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"Prophet," said I, "thing of evil! prophet still if bird or devil!
By that heaven that bends above us--by that God we both adore,
Tell this soul with sorrow laden, if within the distant Aidenn,
It shall clasp a sainted maiden whom the angels name Lenore--
Clasp a rare and radiant maiden whom the angels name Lenore."
Quoth the Raven, "Nevermore."
I composed this stanza, at this point, first that, by establishing the climax, I might the better vary and graduate, as regards seriousness, and importance the preceding queries of the lover, and secondly, that I might definitely settle the rhythm, the metre, and the length and general arrangement of the stanza, as well as graduate the stanzas which were to precede, so that none of them might surpass this in rhythmical effect. Had I been able in the subsequent composition to construct more vigorous stanzas, I should without scruple have purposely enfeebled them so as not to interfere with the climacteric effect.
And here I may as well say a few words of the versification. My first object (as usual) was originality. The extent to which this has been neglected in versification is one of the most unaccountable things in the world. Admitting that there is little possibility of variety in mere _rhythm_, it is still clear that the possible varieties of metre and stanza are absolutely infinite; and yet, for _centuries, no man, in verse has ever done, or ever seemed to think of doing, an original thing_. The fact is that originality (unless in minds of very unusual force) is by no means a matter, as some suppose, of impulse or intuition. In general, to be found, it must be elaborately sought and, although a positive merit of the highest class, demands in its attainment less of invention than negation.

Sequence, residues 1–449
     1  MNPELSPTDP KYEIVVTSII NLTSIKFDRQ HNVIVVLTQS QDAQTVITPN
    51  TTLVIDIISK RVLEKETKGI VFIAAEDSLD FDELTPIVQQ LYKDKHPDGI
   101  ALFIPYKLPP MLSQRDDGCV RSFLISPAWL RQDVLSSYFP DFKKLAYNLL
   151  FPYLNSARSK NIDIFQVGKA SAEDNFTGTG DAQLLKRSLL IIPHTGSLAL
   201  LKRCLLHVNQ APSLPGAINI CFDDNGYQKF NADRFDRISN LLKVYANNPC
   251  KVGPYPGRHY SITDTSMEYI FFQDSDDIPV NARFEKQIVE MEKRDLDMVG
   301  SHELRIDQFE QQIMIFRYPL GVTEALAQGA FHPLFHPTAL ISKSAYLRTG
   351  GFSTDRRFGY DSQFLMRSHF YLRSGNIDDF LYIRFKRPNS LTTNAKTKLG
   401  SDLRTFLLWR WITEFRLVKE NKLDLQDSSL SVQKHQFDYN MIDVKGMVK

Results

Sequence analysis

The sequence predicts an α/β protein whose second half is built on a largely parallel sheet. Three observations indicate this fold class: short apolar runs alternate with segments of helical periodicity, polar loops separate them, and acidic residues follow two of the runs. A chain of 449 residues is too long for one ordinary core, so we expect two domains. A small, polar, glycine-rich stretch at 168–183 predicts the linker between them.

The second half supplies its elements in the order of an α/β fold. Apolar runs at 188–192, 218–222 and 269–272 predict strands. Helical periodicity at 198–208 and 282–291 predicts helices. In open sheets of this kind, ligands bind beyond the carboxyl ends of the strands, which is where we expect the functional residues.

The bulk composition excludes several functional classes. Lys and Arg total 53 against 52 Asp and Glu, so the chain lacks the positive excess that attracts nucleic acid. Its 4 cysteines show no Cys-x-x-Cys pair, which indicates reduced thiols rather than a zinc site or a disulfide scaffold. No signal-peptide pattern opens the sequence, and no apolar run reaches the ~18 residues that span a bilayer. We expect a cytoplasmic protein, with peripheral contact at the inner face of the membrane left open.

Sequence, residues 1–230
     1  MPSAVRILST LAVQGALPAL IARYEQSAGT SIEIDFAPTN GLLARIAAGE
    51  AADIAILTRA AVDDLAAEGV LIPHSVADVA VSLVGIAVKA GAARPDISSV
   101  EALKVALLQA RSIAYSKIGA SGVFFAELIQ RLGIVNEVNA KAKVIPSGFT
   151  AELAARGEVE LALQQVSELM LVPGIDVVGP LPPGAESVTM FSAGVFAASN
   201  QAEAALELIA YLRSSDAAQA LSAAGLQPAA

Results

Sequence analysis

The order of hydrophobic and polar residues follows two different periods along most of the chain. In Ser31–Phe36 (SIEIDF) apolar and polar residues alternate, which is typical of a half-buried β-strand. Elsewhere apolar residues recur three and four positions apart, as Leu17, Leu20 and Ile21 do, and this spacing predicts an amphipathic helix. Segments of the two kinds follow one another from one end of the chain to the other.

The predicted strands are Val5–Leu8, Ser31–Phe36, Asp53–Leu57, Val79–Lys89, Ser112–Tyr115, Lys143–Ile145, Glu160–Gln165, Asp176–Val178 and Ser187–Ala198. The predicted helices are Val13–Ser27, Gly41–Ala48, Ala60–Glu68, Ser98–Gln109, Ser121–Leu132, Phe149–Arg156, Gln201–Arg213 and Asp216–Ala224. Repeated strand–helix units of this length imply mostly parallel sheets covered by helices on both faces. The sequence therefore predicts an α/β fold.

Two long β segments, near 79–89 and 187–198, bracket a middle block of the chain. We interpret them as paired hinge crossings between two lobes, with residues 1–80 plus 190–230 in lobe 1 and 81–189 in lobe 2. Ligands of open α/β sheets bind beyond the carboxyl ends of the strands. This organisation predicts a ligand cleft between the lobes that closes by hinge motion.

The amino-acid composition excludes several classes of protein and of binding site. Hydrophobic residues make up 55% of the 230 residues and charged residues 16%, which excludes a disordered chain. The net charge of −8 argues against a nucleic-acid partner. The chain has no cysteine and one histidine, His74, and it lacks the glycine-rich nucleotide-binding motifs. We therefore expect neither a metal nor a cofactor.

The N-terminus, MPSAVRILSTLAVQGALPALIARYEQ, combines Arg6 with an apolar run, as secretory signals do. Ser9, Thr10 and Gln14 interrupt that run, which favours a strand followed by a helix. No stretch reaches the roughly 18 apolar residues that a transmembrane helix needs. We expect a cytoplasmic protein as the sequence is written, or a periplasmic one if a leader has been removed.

Of course I pretend to no originality in either the rhythm or metre of the "Raven." The former is trochaic--the latter is octametre acatalectic, alternating with heptametre catalectic repeated in the _refrain_ of the fifth verse, and terminating with tetrametre catalectic. Less pedantically, the feet employed throughout (trochees) consists of a long syllable followed by a short; the first line of the stanza consists of eight of these feet, the second of seven and a half (in effect two-thirds), the third of eight, the fourth of seven and a half, the fifth the same, the sixth three and a half. Now, each of these lines taken individually has been employed before, and what originality the "Raven" has, is in their _combinations into stanzas;_ nothing even remotely approaching this combination has ever been attempted. The effect of this originality of combination is aided by other unusual and some altogether novel effects, arising from an extension of the application of the principles of rhyme and alliteration.
The next point to be considered was the mode of bringing together the lover and the Raven--and the first branch of this consideration was the _locale_. For this the most natural suggestion might seem to be a forest, or the fields--but it has always appeared to me that a close _circumscription of space_ is absolutely necessary to the effect of insulated incident--it has the force of a frame to a picture. It has an indisputable moral power in keeping concentrated the attention, and, of course, must not be confounded with mere unity of place.